Keane – Perfect Symmetry: Sometimes, subtlety is overrated. Keane used to draw comparisons to Coldplay – now they’re pretty much U2 filtered through Jerry Bruckheimer. The opening outcry of “Spiralling” (“ooo!”) announces this album as a jubilant, grand expression of joy, longing, and undiluted emotion. Check out the goofy lyrics on the chorus of “Lovers Are Losing”: “You take the pieces of the dreams that you have / ‘Cause you don’t like the way they seem to be going / You cut them out and spread them out on the floor / You’re full of hope as you begin rearranging.” Make sense? Didn’t think so, but Tom Chaplin sings that chorus with such sincerity that I can’t help but get caught up in it. By the time Perfect Symmetry progresses to the desperate plea of its title track (“Wrap yourself aroooooooound me”), I’m hooked. The album may not be finely textured, but it sure is a blast.

The National – The Virginia EP: I’ll freely admit that The National are one of my favorite bands, and I’ll also admit that this is a lesser work. But hey, it is an EP after all, and it still has all the hallmarks of what make The National so great – Matt Berninger’s velvet mumble-croon; stark, often astonishing lyrics; soft-pedal guitars that build momentum even as they channel Americana-style folk-rock. I can’t listen to “Santa Clara” or “Tall Saint” without becoming fully absorbed. “In my city, I didn’t make a sound / When I fell over and cracked my crown / Heard a woman say, ‘Stay down, champion’ / ‘Stay down.’” I don’t care what it means, I still get the chills.

Okkervil River – The Stand Ins: One of my all-time favorites albums is Okkervil River’s The Stage Names, an homage to cinematic spectacle that bounces between tonal shifts like an acoustic pinball. There’s the epic anthem of “Our Life Is Not a Movie Or Maybe”, the bubbly rapid-fire delivery of “A Hand to Take Hold of the Scene”, and the equally epic elegiac sadness of “A Girl in Port” (among others). The Stand Ins possesses a similar desire to capture a variety of moods, but it lacks the graceful fluidity of The Stage Names. Whereas on the earlier album, every song mattered equally, here some are just filler, biding time until the band get to their next great slice-of-life. That’s disappointing (if perhaps expected), but it’s also worth mentioning that there are no fewer than four truly great songs on here. “Lost Coastlines” is a gorgeous travelogue that ebbs into “Singer Songwriter”, a jaunty jab at a life of disaffected privilege (“You got taste / What a bitch, ‘cause that’s all that you have”). Later, “Pop Lie” is a meticulously constructed piece of, well, pop music, and it bleeds beautifully into “On Tour with Zykos”, a far more sensitive portrait of the disaffected, this time – naturally – a pop star (“I wonder who you’ve got your hooks in tonight? / Was she happy to be hooked / And on your arm did she feel alive?”). The rest may be insubstantial by comparison, but albums with four legit showstoppers don’t come along very often.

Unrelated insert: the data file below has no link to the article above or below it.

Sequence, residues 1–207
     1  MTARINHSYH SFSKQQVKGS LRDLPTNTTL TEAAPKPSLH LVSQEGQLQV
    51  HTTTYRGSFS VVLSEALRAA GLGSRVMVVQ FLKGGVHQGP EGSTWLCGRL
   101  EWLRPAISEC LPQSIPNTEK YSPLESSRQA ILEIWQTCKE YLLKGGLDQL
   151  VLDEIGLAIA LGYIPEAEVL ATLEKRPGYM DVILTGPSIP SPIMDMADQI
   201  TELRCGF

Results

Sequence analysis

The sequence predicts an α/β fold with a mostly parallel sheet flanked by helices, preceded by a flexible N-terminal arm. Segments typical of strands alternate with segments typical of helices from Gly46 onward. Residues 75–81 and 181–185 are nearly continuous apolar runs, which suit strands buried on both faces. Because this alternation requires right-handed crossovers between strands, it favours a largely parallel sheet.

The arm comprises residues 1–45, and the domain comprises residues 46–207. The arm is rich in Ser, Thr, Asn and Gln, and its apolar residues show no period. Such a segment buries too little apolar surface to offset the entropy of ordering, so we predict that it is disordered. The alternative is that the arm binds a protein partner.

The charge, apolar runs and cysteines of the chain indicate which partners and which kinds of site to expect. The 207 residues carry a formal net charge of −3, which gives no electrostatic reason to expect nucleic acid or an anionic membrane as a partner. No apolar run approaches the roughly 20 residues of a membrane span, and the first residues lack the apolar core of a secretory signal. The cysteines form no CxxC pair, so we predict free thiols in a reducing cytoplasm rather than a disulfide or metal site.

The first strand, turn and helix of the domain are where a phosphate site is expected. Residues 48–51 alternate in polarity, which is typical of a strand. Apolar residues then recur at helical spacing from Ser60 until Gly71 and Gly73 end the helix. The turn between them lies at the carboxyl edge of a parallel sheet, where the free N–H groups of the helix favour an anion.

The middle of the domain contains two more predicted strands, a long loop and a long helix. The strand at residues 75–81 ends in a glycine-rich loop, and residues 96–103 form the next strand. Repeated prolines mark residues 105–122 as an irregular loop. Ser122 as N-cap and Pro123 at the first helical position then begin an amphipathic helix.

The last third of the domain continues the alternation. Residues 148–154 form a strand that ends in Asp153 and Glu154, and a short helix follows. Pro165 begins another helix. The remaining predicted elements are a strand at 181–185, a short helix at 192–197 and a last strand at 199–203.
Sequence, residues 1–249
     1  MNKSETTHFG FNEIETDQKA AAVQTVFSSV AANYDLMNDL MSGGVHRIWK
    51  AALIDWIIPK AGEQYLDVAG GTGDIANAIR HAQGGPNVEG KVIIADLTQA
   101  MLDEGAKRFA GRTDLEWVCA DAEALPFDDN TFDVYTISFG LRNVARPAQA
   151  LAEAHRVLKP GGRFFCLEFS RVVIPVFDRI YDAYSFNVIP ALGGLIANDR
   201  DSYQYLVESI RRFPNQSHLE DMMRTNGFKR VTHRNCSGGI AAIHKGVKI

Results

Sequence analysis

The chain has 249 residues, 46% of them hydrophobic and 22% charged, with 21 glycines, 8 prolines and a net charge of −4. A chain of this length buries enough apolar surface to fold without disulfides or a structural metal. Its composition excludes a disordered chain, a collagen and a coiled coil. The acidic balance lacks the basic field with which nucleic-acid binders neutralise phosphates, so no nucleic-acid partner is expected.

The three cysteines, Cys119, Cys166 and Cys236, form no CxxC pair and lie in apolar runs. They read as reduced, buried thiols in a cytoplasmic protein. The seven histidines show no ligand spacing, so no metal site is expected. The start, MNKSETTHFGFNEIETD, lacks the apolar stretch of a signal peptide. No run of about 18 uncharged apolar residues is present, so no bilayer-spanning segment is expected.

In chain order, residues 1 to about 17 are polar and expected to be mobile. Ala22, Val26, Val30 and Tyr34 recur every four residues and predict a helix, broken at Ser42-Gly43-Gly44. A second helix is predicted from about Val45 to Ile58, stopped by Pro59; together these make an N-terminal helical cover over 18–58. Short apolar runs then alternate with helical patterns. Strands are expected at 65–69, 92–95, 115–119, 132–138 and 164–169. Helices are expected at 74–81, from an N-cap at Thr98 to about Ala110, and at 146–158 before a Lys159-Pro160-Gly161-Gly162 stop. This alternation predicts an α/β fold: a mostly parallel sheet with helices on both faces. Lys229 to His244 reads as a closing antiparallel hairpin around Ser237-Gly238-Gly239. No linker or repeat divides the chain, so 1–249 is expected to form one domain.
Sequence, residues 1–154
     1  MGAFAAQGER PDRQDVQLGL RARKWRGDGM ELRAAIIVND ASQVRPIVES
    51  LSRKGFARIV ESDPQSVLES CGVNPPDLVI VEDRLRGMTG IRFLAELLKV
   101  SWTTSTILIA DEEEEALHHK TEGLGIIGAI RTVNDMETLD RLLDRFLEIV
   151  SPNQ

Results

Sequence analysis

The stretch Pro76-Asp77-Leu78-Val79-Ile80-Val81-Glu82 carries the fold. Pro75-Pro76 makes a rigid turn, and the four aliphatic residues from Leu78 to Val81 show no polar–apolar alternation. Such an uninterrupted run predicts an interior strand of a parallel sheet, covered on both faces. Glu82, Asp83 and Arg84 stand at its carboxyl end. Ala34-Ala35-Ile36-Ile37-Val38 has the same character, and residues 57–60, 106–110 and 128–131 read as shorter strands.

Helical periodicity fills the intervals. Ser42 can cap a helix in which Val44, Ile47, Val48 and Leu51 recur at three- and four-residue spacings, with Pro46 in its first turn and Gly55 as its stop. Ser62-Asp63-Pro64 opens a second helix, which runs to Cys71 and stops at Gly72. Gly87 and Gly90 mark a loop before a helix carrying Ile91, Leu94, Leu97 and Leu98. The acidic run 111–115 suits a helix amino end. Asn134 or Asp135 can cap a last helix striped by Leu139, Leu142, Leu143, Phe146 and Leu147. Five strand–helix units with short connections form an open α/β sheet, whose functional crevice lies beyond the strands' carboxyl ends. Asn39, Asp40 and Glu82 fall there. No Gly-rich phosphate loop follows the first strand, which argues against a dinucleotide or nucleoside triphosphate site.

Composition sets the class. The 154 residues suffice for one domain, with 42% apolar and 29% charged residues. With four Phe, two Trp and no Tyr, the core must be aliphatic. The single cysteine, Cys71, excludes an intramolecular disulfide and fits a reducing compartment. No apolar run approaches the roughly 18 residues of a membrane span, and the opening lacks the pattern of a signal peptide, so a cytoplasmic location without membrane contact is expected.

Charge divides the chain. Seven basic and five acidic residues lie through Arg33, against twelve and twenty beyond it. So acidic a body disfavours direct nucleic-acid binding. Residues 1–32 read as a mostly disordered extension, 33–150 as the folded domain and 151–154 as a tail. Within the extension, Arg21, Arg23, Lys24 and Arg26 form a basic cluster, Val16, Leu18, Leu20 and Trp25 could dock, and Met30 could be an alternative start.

The Rosebuds – Life Like: Imagine Screech helping Zack Morris to pick up a girl, and you can envision how unlikely it would be for me to introduce my buddy Brian to a great album of which he was ignorant. As such, one of my finest achievements in life was uncovering Night of the Furies – last year’s delectable treat from the Rosebuds – then learning that Brian had never heard of it, sending it to him, and watching from afar like a proud father as he fell in love with it. It may never happen again, but it sure was fun. Anyway, this year’s effort from The Rosebuds isn’t as perfect as their prior album, but it’s nevertheless an agreeably solid set of tunes. Even better, it intersperses its best songs throughout; the opening title track sets the dark mood with a rippling, creepily insistent bass, while five tracks later “Another Way In” offers a chorus of desperation disguised as hope. In between are the uppers, the buoyant “Bow to the Middle” and the playful “Nice Fox”, while the closer “In the Backyard” sends us on our way wanting more.

The Stills – Oceans Will Rise: It’s tempting to dismiss this album because one of its songs – the super-powered, no-holds-barred single “Being Here” – is so much better than anything else on it. But that should hardly count as condemnation, especially since there are a number of good songs on here. “Snow in California” suggests its alarmist message of incongruity with literal alarms, “Hands on Fire” crescendos until it threatens to crack, and “I’m With You” easily embodies steady, hard-driven rock. But let’s not fool ourselves: “Being Here” is the real reason to listen to Oceans Will Rise. Every time I listen to it when I’m driving, I suddenly find myself going 85 in a 55 while screaming the chorus. Pure euphoria.

Santogold – Santogold: I’m not sure when I started to enjoy dance-pop, and I’m still not sure I fully embrace it as a sub-genre of pop music. But there was a stretch earlier in the year when I had to listen to this album every single day. Remember that scene in Pulp Fiction when John Travolta has to stab Uma Thurman in the heart with a needle loaded with adrenalin? The opening pump-pump-pump of “L.E.S. Artistes” – one of the catchiest fucking songs I’ve ever heard – kind of feels like that.